The Bush Food Industry Project is part of a 5 year University of Qld Research Project in collaboration with four communities in Queensland. Two of the communities are in the north, (Batavia Downs and Watsonville) whilst the other two communities are Cherbourg and Eidsvold.
Cherbourg and Eidsvold are both Aboriginal Community projects aimed at developing a sustainable bush foods industry in each of the communities.
Zona Hussey-Smith, Director of Stepping Black is acting as a facilitator to auspice funds and steer development of the projects in both Cherbourg (in collaboration with the Cherbourg Aboriginal Shire Council and community) and Eidsvold (in collaboration with the Eidsvold Aboriginal Community).
Together with the Research Team at UQ, the Project is being led by Dale Chapman (Indigenous Chef) and Gerry Turpin (Australia’s only Aboriginal ethnobotanist). Gerry comes from Mbabaram country in the Atherton Tablelands. Zona said Dale is known to many around this space.
One of the key aspects is about developing an industry around the knowledge of foods and the practices that existed with the First Nations people across their lands.
In a first for Queensland, all IP and knowledge will remain with the Indigenous peoples who bring this to the table. UQ will not be holding any IP.
While all community members who have an interest in native food production are encouraged to become part of the Project, Ms Hussey-Smith indicated the project could be “an excellent opportunity for the women of Cherbourg to drive”. In traditional times women more often propagated, cultivated and harvested the foods.
“It will provide many opportunities for the younger generations to learn about their cultures and the traditional practices that sustained our First Nations people for many thousands of years. It has great health benefits as well, re-introducing some of the foods that were in abundance prior to colonisation as well as providing an outdoor setting that sees people involved in growing their own food, gardening activities and healthy minds and spirits”.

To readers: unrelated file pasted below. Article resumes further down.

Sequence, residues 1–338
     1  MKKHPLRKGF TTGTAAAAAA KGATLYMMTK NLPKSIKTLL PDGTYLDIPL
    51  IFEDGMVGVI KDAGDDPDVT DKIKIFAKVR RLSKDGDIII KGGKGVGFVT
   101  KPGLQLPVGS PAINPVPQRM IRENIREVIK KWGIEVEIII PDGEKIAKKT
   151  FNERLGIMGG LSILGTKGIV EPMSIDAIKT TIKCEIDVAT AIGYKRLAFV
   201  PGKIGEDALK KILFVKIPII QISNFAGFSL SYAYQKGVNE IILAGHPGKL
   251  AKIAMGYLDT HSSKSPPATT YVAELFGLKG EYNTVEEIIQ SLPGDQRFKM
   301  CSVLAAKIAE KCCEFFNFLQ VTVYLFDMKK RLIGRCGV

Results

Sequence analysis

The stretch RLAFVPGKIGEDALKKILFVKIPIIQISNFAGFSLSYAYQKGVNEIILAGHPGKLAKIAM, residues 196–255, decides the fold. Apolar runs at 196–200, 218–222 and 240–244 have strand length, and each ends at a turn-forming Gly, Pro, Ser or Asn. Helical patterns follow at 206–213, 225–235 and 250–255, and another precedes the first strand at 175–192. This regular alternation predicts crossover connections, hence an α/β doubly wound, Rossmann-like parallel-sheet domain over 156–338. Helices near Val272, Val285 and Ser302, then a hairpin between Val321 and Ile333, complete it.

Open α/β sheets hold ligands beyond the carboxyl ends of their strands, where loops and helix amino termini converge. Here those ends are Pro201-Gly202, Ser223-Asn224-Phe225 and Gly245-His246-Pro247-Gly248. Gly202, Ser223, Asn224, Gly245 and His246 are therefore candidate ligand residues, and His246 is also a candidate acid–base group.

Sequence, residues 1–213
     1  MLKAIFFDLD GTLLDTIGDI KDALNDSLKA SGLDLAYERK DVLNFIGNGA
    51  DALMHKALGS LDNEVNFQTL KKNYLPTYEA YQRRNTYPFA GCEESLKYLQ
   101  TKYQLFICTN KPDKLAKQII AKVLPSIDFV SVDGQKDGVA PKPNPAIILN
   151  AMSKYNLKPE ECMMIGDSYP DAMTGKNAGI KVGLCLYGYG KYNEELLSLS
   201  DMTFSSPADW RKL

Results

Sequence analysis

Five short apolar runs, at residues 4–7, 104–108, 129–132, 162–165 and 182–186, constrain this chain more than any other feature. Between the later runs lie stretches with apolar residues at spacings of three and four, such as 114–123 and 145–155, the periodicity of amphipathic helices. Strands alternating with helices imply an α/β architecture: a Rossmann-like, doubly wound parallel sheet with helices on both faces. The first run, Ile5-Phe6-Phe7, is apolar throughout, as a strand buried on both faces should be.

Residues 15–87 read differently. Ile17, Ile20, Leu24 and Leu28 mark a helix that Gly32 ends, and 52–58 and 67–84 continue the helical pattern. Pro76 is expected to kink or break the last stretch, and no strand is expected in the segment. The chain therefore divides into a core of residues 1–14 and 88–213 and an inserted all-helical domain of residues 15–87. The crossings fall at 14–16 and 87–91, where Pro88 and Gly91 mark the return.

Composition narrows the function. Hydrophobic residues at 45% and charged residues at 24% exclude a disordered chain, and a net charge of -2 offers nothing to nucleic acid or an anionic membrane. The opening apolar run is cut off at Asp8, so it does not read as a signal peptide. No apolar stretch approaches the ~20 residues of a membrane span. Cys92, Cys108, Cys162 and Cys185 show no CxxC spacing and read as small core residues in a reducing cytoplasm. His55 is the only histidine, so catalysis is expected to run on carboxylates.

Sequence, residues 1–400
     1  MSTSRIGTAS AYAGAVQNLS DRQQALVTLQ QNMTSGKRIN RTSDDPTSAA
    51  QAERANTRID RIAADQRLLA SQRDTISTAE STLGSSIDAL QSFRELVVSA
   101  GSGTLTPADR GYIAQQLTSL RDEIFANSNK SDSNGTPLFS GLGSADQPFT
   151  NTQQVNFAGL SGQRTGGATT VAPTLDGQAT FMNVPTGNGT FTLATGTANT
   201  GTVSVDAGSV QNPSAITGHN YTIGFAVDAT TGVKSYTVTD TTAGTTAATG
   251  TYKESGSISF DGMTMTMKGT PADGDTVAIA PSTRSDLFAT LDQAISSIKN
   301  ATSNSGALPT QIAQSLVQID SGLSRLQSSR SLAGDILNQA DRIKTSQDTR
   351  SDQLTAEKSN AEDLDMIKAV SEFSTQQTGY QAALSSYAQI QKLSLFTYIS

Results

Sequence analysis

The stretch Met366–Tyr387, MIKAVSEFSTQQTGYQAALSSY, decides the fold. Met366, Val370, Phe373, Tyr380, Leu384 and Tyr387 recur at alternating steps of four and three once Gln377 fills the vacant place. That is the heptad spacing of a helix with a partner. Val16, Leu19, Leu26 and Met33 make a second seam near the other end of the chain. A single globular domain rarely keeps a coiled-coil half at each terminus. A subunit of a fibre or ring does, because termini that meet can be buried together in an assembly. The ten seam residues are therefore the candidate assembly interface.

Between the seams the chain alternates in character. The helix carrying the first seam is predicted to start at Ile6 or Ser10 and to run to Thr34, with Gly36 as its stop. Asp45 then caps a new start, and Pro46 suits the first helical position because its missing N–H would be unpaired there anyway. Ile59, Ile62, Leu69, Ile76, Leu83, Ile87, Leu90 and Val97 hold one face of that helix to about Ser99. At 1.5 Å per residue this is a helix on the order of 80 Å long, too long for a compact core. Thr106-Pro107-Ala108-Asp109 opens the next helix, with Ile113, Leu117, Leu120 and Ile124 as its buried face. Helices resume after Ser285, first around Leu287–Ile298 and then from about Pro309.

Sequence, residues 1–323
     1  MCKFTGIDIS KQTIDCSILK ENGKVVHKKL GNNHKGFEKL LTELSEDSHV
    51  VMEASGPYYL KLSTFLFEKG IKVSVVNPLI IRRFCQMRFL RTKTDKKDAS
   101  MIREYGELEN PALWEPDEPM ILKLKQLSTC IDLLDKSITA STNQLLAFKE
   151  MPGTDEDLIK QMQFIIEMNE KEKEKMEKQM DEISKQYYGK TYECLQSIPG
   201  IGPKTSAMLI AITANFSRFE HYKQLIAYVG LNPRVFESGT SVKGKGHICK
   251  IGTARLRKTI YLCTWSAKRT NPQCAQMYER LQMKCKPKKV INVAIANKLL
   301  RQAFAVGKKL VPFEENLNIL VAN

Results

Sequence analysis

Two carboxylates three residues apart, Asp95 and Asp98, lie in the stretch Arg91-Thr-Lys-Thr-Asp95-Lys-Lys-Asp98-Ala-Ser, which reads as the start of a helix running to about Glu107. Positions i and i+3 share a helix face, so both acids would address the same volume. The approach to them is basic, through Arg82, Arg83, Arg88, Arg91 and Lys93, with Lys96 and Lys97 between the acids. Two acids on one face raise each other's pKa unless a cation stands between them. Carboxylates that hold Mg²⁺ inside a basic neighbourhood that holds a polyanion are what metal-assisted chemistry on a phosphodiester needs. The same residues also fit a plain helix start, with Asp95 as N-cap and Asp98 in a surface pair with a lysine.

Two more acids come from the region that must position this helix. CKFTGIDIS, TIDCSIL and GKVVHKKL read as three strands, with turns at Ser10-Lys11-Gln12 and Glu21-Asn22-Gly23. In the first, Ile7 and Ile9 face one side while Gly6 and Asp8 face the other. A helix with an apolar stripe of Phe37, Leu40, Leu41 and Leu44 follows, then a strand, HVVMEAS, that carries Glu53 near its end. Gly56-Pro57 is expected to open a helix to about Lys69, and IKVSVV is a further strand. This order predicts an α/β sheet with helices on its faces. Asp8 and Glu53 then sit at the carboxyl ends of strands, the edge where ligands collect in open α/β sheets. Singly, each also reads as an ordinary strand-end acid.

Ms Hussey goes on to tell us “The native food project creates a locally run industry that is Aboriginal owned and driven, one that provides a platform whereby Elders can share knowledge and stories while assisting in the recovery of languages, foods, cultures and an inclusive sense of community. It has the potential to provide long term employment in the growing of foods and the value added products that can be and will be developed as part of the project”.
Australian Bush Foods are in high demand, both within our own country and overseas. They have proven to have many health benefits that are not found in other foods. It is a really good time for the Cherbourg Community to become part of this increased demand for native plants.
The Cherbourg Shire Council has existing facilities and infrastructure that will be made available for use to develop and sustain the industry”.
Stepping Black will work in collaboration with Cherbourg Council and the broader Community to support those who want to be involved in this activity.
To find out more about getting on board with this opportunity, you are invited to attend a meeting at the Council Training Rooms on Thursday 6th May from 9 am to 1 pm.
Morning tea will be provided, and you will have a chance to meet some of the UQ Team as well as others who are involved.